But there’s actually research showing that if we expose to heat … In the Seventh Day Adventists world there’s some really beautifully written ideas about health that came out of their holy scriptures that have to do with being healthy. They advocate doing what they call fever therapy. They have their own medical school in Loma Linda that’s done research in this area. Where you get your core temperature up to 105. Most people when they finish a marathon have a temperature of 104 degrees. Most people that just do a regular workout, you’re going to finish your workout at 100 to 101 degrees.
Why would you want to have a fever? When you get your body temperature that high, interferon kicks in, which helps your immune system. Your white cells demarginate. They’re normally stuck to the blood vessels, but they actually get unstuck and float free, so your immune system is functioning. But also you recover better, your body just goes to a different level, so the heat is helpful. You should get your temperature up. You’ll do it some from exercise, but I think you do like the Romans and at least, and the Orient, I think they understand baths better. When I’m in Atlanta I always go to the Jeju Spa. There’s a Korean bathhouse there where they have really hot hot tubs.
The normal hot tub and most places where we live is kept at about 103. The health department cuts off at 104 because they’re fearful that little children would get in the tub and be hurt, which they could be, but adults can handle 105 and 106 hot tub if they’re healthy for a short time. I recommended, if you have to turn the bath on in your house, or if you can get to a steam bath, get to somewhere and artificially raise your body temperature, which I think is easier.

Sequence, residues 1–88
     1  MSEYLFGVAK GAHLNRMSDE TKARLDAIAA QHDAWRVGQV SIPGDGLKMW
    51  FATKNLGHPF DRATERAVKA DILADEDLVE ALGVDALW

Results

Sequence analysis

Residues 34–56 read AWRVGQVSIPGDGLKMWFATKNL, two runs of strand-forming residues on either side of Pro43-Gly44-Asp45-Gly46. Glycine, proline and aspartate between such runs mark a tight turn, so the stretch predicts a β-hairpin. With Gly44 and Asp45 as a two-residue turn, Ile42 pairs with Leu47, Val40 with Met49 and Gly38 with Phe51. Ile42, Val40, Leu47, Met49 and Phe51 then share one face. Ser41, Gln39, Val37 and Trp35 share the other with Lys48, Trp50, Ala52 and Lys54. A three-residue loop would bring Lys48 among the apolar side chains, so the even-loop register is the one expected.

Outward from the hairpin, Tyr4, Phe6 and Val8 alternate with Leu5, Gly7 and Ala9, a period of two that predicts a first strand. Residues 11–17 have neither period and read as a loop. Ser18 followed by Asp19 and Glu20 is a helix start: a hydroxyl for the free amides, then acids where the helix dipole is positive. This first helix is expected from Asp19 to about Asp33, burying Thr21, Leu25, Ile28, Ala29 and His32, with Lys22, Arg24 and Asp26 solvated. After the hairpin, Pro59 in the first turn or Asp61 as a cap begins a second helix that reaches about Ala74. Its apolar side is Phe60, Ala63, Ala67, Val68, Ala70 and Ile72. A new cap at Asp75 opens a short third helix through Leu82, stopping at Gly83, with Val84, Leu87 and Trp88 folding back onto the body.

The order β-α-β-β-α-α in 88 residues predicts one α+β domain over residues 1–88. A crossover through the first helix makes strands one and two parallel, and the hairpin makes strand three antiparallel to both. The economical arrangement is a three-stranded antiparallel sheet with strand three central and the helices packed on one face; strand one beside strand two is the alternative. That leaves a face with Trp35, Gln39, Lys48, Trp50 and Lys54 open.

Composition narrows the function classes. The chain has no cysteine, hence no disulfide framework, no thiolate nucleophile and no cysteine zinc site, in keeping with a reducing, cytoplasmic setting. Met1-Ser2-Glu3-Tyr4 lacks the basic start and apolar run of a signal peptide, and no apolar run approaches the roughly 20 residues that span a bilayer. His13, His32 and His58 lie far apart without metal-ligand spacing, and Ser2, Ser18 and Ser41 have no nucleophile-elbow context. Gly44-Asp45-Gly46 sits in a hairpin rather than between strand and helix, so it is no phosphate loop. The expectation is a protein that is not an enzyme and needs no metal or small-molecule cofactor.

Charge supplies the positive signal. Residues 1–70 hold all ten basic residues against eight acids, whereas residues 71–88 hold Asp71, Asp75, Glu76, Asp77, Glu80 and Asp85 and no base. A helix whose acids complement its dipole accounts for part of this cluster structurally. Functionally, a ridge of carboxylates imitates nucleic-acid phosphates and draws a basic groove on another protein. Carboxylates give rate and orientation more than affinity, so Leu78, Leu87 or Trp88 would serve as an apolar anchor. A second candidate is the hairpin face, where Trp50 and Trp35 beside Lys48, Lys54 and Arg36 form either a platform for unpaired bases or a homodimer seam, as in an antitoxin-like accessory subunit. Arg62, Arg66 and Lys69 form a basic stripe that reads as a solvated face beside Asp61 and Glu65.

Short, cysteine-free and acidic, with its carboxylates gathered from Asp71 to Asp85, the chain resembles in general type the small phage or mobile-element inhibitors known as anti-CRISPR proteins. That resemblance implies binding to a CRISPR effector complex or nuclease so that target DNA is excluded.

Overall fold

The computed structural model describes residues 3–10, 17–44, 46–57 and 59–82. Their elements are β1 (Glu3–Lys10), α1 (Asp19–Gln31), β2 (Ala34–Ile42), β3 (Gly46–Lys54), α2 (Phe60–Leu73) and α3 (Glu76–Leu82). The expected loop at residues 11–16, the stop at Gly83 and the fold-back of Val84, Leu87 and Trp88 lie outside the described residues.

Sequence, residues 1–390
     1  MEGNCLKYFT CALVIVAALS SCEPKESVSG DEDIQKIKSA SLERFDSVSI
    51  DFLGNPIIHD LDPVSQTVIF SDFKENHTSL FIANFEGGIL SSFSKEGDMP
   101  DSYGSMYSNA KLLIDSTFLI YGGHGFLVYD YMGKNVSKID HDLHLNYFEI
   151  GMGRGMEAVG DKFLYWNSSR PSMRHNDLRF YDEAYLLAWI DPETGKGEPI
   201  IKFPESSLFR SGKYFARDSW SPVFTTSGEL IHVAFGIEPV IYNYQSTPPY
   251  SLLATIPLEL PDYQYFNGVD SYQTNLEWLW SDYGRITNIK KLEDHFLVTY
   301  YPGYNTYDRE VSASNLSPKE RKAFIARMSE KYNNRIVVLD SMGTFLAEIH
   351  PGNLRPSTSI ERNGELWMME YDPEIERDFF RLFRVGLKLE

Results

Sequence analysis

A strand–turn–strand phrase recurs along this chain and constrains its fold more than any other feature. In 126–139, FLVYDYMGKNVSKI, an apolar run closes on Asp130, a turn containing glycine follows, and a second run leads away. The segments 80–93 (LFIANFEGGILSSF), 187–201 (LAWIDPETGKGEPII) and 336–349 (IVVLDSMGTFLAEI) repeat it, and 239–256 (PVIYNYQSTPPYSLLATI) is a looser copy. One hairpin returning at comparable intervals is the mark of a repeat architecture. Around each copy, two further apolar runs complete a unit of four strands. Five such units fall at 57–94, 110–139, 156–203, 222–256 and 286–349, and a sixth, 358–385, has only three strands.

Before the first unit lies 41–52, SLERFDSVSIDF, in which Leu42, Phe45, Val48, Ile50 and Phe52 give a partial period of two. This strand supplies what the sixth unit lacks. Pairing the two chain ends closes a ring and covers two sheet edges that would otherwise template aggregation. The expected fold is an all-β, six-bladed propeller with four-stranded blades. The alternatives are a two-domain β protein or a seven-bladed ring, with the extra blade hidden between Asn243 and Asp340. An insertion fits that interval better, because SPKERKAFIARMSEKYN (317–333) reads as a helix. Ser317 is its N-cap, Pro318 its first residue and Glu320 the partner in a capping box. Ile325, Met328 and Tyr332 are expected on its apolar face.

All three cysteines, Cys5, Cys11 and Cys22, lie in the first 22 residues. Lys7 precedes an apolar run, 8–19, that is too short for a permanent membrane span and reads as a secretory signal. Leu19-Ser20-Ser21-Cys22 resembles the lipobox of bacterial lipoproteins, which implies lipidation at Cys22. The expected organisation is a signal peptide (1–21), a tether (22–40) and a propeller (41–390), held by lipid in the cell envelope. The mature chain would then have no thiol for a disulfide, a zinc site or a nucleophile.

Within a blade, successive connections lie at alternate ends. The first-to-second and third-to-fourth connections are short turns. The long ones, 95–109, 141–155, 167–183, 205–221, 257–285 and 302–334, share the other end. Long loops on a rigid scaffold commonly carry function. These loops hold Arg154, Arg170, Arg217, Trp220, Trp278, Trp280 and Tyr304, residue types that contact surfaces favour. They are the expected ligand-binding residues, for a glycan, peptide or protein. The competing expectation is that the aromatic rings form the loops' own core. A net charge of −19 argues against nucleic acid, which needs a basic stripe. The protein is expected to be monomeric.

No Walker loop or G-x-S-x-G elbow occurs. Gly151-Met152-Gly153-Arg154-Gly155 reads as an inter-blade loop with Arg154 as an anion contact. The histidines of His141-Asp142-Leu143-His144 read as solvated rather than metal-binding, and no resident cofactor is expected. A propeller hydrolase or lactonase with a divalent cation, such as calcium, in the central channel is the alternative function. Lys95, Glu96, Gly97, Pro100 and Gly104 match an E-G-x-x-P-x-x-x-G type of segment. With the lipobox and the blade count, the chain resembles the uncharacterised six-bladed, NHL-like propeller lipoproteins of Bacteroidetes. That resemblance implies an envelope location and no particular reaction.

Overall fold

You can do it in a sauna, but the water helps conduct heat better, so a steam bath, which blows steam, or not a sauna, which is dry heat with usually wooden planks that you’re sitting on. A steam bath usually has tile. People get those confused. Usually a steam bath or a hot tub. If it’s your hot tub and you don’t have little kids, set the temperature at 105. But most of the public hot tubs around here are not enough. Or just run a bath at your house and if you want to put a thermometer in your mouth and sit there until you have a temperature of at least 102.
So, heat therapy and do that twice a week. You’re fasting, you’re ketotic once a week. You’re doing aerobic exercise, preferably six days a week, and you’re going in anaerobic at least a couple times a week. You’re doing heat twice a week. Then this is where this come in. This is not the magic thing, but it’s magic enough that every pro team in the United States now has one. This is exactly like the Cleveland Indians have. This thing costs as much as a house. I’ve put it here in the community hoping other people will understand how helpful it is, and many people have. People who are using it to treat depression, just like doing a steam bath will sometimes make you feel better, or going for a walk.
It’s stressing your body to the point where it thinks it’s going to die. That’s the bottom line. Not kill it, but acts like if you did fasting too long you’re dead. But you if do fasting along where your body thinks it’s about to die, then in adapts. You run until you’re out of breath, and if you keep running, you would just pass out and vomit, which I’ve done before. Take it to that extreme and you’re puking and lots of athletes have done that. Or you lift weights until you can’t pick up anything else again. You just go to failure is what some people call that. Your body thinks it’s going to die.